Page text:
Answers to Frequently Asked Questions About Florida Divorce
Filing for divorce can be complicated, leaving many couples with a lot of unanswered questions about their finances and custody rights. To help ease some of your own fears, we’ve included a list of answers to some of the most common questions we receive about Florida divorce.
How Long Will My Divorce Take?
Unfortunately, the answer to this question isn’t straightforward, as how quickly a divorce is finalized will depend a lot on the specific circumstances of a couple’s case, including how willing the parties are to negotiate a settlement out of court. An uncontested divorce, where there are no disagreements about property division or child custody could be resolved, for instance, in as little as six months. The time could be even shorter for couples who don’t share children and who have agreed that neither will pay alimony to the other. If, on the other hand, a couple has an acrimonious relationship and can’t reach an agreement on some or all of these issues, then their case will have to go to trial and the process could end up taking a year or more.
Who Gets the Kids in a Florida Divorce?
Florida law requires that family law courts make custody-related decisions based on what would be in a child’s best interests. In most cases, this involves creating a parenting plan that gives a child substantial access to each parent. While two parents may not end up with exactly equal time with a child, both will likely have visitation and be granted a role in parental decision-making. What these arrangements look like, however, will again depend on the family’s circumstances, including the parents’ relationship with the child, where the parents live, and whether one party is primarily responsible for providing childcare.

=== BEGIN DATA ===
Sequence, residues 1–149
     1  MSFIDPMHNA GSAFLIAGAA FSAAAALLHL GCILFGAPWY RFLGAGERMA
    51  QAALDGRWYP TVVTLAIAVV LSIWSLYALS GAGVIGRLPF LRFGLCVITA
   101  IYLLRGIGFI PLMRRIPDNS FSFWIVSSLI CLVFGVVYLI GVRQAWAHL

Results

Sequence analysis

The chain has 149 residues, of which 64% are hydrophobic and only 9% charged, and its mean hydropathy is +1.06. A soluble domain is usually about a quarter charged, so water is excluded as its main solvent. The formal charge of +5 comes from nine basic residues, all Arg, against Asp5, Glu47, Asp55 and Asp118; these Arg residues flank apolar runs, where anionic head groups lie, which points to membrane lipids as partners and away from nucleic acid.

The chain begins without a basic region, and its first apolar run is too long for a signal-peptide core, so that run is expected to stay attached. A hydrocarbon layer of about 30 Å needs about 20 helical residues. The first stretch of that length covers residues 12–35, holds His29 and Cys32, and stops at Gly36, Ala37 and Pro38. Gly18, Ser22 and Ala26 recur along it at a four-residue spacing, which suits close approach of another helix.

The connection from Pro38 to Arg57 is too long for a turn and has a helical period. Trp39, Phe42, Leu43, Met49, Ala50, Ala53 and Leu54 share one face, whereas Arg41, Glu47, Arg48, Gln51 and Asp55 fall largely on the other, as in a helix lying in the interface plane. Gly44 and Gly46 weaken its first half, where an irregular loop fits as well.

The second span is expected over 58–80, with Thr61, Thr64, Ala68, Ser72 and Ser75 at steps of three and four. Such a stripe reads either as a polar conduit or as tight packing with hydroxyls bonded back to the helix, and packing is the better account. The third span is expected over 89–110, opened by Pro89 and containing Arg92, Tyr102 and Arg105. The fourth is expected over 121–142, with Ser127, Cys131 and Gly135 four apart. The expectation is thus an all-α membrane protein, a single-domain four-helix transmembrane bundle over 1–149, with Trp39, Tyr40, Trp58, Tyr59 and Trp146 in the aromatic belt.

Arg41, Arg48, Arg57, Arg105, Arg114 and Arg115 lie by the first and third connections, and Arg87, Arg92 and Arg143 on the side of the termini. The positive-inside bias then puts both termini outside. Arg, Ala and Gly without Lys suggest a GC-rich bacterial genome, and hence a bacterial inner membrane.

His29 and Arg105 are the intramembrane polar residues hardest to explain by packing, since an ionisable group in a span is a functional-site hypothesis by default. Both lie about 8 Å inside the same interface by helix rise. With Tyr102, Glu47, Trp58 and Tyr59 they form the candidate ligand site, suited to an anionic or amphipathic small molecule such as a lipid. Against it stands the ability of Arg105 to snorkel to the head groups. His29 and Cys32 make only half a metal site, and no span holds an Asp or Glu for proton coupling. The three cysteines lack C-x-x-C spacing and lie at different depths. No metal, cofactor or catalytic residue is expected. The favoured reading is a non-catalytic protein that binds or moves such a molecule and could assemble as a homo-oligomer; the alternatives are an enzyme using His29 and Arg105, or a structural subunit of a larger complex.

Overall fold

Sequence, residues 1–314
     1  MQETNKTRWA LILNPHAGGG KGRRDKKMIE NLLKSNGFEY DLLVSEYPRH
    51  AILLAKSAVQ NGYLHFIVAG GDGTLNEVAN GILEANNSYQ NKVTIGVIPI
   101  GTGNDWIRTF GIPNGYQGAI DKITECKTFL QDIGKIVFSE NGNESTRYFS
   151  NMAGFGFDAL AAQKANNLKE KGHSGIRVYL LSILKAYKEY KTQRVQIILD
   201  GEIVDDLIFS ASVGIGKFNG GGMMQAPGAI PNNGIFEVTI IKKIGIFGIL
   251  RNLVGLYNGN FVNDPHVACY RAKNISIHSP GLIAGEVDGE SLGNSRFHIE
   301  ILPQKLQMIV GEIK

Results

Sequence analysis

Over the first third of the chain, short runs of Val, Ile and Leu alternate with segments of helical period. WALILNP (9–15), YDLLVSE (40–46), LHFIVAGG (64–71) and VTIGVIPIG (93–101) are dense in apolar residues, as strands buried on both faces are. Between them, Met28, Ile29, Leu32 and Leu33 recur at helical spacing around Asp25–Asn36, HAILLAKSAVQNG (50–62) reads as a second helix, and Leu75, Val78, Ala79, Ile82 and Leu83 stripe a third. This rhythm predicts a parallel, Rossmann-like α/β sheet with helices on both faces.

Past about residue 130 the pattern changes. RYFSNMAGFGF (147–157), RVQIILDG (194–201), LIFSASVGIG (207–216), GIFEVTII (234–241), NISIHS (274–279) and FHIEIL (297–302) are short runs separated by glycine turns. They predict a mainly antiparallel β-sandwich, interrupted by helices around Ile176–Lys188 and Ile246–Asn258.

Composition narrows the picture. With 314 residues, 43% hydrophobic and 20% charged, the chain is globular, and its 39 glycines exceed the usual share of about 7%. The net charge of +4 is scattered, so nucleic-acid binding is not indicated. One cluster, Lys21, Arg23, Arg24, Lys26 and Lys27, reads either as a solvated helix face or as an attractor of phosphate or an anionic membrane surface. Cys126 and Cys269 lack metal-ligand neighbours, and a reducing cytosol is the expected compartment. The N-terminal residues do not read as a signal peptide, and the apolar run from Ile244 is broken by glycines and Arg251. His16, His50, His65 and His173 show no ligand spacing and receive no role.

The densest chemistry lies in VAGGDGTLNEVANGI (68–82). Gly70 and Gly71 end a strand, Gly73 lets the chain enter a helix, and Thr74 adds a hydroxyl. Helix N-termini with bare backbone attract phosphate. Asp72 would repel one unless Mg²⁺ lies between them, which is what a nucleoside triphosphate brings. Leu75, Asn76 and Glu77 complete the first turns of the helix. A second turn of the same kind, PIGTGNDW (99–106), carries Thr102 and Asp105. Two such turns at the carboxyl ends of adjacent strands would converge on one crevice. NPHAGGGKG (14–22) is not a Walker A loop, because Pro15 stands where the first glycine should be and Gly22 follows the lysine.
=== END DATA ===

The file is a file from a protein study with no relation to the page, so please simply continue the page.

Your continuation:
How Will Our Marital Assets be Divided?
During Florida divorces, all of a couple’s marital assets will be divided equitably, or fairly. Fairly does not, however, necessarily mean equally. While a 50/50 split of property acquired during a marriage (marital assets) may be a good place for the court to start, this balance can shift based on the parties’ access to separate property and each spouse’s income level and earning capacity.
Will I Have to Pay Alimony?
As with all other divorce-related issues, couples engaged in the dissolution process can reach an agreement about alimony. This is a type of spousal maintenance, wherein one party makes either a lump sum payment, or periodic payments to a lesser earning spouse for a set period of time after divorce. If, however, a couple is unable to reach an agreement, then a court will step in and address the issue, potentially ordering one party to pay alimony. Again, these decisions will be based on the parties’ ages, incomes, education, and earning ability.
Learn More About Divorce
To find out more about the ins and outs of the divorce process in Florida, call 727-683-1472 or reach out to us online and set up a meeting with one of the experienced Clearwater divorce lawyers at Cairns Law today.